A massive tunnelling machine has been lowered into position around 20 metres below ground at Beckton sewage treatment works. ‘Beckton Becky’ will dig a 750 metre tunnel below the works over the next two months, so effluent can be transported from the old site to the new site extension.
Beckton Sewage treatment works in London has been undergoing some major refurbishments and renovation works over the last year, which when complete will enable the plant to cope with around 60% more sewage. It is hoped that the ability to cope with the greater volumes of sewage will stop the site becoming overloaded and discharging sewage into the River Thames.
The expansion of the works will also enable the treatment of additional sewage when the Lee Tunnel is completed.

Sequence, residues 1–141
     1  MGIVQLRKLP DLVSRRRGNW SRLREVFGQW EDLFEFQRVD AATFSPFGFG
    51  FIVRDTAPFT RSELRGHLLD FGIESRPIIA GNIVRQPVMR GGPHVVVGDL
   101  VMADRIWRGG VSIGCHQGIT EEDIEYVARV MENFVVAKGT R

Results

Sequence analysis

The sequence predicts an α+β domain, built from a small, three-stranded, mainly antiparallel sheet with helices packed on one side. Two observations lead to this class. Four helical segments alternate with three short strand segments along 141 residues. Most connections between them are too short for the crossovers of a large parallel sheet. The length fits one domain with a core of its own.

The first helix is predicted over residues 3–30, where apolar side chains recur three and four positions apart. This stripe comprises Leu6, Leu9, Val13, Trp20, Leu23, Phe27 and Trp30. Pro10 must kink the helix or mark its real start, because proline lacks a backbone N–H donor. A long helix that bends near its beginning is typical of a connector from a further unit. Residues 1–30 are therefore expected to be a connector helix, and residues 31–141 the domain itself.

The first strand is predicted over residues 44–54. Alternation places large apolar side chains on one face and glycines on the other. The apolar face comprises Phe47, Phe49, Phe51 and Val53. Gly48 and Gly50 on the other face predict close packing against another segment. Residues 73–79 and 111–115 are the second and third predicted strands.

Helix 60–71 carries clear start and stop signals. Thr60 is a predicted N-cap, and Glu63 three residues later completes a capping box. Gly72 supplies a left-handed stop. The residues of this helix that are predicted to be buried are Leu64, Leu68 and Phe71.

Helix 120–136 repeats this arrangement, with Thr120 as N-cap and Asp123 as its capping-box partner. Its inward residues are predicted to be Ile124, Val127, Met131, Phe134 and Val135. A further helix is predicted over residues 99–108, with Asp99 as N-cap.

Thames Water’s head of delivery, Nick Fawcett stated:
“The lowering of ‘Beckton Becky’ is another important milestone towards our goal of creating a cleaner, healthier River Thames, by dealing with the unacceptable problem of sewage discharges into the river during heavy rainfall.
“Although our sewage works operate well under stable, dry weather conditions, in heavy rainfall when the site is overwhelmed, excess flows receive a lower standard of treatment and overflow into the tidal stretches of the River Thames.
“As well as expanding the site, we’re also be erecting odour-blocking covers over all 16 primary settlement tanks at the plant – an area the size of 10 football pitches, and installing ‘odour-control units’ at the site to clean outgoing air, so we can substantially reduce odour emissions.”